Alfred Hitchcock was born in the far east of London, in Leytonstone. So far east in fact, that it was Essex then, I think. But Hitch is still one of London’s most famous film directors, and it is fitting that one of his most famous films to be both set and filmed in the capital will be screening in his home borough of Waltham Forest this summer. The Barbican are showing the silent version of Blackmail, with Neil Brand’s tremendous score played by the Forest Philharmonic, at the Assembly Hall in Walthamstow, London E17. Be there or find yourself kicking your heels in a West End Lyon’s Corner House, rejected and alone.
Blackmail is a classic crime thriller, laden with Hitchcock’s signature suspense tricks, about a nice young girl (Anny Ondra) who commits a violent act one night in dire circumstances, and has to live with the consequences. Famously shot as both a silent and sound film, Blackmail reveals Hitchcock as a confident director revelling in the themes of murder and guilt that would become his home turf. In classic Hitchcock style, Blackmail also climaxes with a setpiece at a famous landmark – one slightly closer to home than Mount Rushmore. Every film fan in London should see this film, and the best way to see it is like this, with an orchestra and Brand’s wonderful music.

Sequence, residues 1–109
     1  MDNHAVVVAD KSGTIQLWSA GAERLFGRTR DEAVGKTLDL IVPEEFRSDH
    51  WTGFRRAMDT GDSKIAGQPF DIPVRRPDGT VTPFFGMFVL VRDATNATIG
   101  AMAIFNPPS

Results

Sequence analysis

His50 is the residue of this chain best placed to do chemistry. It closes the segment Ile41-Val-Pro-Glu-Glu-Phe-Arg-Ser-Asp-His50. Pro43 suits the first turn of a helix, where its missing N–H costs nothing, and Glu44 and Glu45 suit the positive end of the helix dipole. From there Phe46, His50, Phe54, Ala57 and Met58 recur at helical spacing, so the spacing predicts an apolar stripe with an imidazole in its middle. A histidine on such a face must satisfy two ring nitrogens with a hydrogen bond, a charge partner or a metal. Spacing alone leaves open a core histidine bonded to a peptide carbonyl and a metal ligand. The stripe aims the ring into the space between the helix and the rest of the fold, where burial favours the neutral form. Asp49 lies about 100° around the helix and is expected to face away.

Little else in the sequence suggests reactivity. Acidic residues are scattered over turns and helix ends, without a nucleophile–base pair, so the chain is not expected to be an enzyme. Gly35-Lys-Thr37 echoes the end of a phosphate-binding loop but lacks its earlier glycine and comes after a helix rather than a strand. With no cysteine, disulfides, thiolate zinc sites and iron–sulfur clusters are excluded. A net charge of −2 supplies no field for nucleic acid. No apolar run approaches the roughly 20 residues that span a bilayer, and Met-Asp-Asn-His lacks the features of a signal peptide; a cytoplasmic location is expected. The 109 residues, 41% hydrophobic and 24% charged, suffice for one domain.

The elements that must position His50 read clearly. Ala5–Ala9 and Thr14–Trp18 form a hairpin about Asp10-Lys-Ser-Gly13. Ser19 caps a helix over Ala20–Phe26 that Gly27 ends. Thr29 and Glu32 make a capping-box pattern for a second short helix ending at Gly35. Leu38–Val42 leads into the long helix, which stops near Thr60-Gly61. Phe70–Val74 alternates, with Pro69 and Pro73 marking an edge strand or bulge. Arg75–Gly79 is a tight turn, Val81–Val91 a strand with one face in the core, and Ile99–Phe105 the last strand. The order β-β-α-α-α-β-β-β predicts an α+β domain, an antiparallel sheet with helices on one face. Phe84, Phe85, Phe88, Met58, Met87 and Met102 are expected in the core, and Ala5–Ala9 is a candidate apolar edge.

Plus, you can make a real night of it, by indulging in one of Hitchcock’s favourite pastimes – eating.
Get there early (from 5.30pm) for some great street food and drink from the Real Food Festival. Hitchcock was notoriously fond of good food and drink and, in keeping with his East London roots, there will be street food trucks including Bell & Brisket (salt beef bagels), Born & Raised (British and East End themed pizzas) as well as Wondering Wine, a vintage Citroen H Van wine bar – particularly fitting as, like many of the characters in his film, Alfred Hitchcock was always partial to a good drink too…
- Blackmail screens at the Walthamstow Assembly Hall on 25 July at 7.30pm. Neil Brand will introduce the screening and Timothy Brock will conduct the Forest Philharmonic. You can book tickets here on the Barbican website.